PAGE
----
By Alexis den Boggende, Connections Intern
Roger Williams University has a vast collection of books and journals which are kept in the three libraries on campus: Architecture, Law and the University Library. Each library has something special to offer, whether it is through its collections, or the knowledge and help that our librarians have to offer Roger Williams students.
The Architecture Library is a beautiful library open to all students, not just Architecture and Historic Preservation students. It’s a good study space, located across from the Main Library. The library houses more than 24,000 books, and computers that allow everyone access to the collections. Students may also be interested in the periodicals and journals that the Architecture Library has to offer, which totals more than 200 titles. Additionally, students may use the online databases from the University Libraries website. Here, they will discover links to databases by major, which includes Architecture and Urban Design, Art and Architectural History, and Historic Preservation. These databases provide a multitude of scholarly articles and academic databases that students may access easily. The Architecture Library is open all week and has extended hours during finals.
The University Library is the center of all things literary on campus. It is open daily and has extended hours during finals. With a new Information Desk and a separate MediaTech desk for technology help, there are a lot of great resources at the University Library. MediaTech will help you with technical issues with your laptop, phone, and more and has a small collection of equipment for check-out. If a student needs a desktop computer, the University Library can help–there are many computers on all three floors that any student may use, along with printing, scanning, and copy services. The many talented librarians at the University Library will help you locate appropriate books and periodicals for your research assignment. There are more than 220,000 books in the University Library. The library has three levels: first floor, for group collaboration on projects that may require talking and socializing. The second floor is for quiet study sessions, with minimal talking. The third floor is reserved for silence, which provides a great place to sit down and get work done, whether it be reading for class or writing a paper. Each floor offers incredible study spaces, like private cubicles, couches and private study rooms for group projects. The new Mary Tefft White Cultural Center is a beautiful addition to the University Library, where distinguished speakers often come and give lectures. Often, the library holds exhibits, with past exhibits of Truman Capote and Nathaniel Philbrick including archival materials and their work. Like the Architecture Library, students may also search the library catalog online and explore its many databases.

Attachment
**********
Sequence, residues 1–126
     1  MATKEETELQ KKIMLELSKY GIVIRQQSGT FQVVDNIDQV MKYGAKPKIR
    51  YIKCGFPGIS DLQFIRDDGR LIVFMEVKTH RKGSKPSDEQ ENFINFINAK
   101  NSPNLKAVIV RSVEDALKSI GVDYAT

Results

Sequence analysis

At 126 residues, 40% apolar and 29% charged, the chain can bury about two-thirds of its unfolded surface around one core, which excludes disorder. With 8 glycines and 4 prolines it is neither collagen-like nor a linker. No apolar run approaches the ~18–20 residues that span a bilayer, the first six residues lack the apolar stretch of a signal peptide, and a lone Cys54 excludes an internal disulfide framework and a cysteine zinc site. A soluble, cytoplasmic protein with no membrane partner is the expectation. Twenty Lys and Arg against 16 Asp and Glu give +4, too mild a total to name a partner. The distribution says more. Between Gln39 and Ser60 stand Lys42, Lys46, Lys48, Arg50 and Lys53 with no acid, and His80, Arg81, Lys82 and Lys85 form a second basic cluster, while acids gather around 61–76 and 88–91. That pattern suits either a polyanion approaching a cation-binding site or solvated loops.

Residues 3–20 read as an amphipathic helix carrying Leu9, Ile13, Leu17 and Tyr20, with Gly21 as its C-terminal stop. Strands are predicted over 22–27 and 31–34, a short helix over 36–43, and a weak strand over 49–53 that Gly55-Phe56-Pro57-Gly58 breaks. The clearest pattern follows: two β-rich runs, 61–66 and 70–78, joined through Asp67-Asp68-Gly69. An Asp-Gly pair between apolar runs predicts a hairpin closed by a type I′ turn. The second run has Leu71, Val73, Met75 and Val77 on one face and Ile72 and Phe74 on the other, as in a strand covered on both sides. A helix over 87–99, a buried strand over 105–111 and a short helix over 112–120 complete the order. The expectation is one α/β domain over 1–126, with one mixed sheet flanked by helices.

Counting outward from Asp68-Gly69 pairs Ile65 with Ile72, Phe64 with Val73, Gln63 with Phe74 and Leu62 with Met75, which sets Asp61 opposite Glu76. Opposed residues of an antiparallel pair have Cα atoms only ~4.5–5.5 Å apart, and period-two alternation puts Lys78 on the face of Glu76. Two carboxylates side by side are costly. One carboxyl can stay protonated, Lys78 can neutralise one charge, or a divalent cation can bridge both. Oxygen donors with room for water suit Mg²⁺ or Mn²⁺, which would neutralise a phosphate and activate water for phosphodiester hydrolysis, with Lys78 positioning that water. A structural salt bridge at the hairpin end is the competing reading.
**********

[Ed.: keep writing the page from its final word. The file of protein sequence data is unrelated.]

The Law Library is open to all, not just law students. It is a great spot for legal research, with over 200,000 volumes that are open for students to use, along with a online databases that may also be of help. The Law Library offers more than 10 study rooms that students may use for individual study or group projects, along with computers that they can access research on as well. The library houses multitude of legal documents that students should take advantage of, including state and federal documents and reports, documents and records from the Supreme Court and other government documents.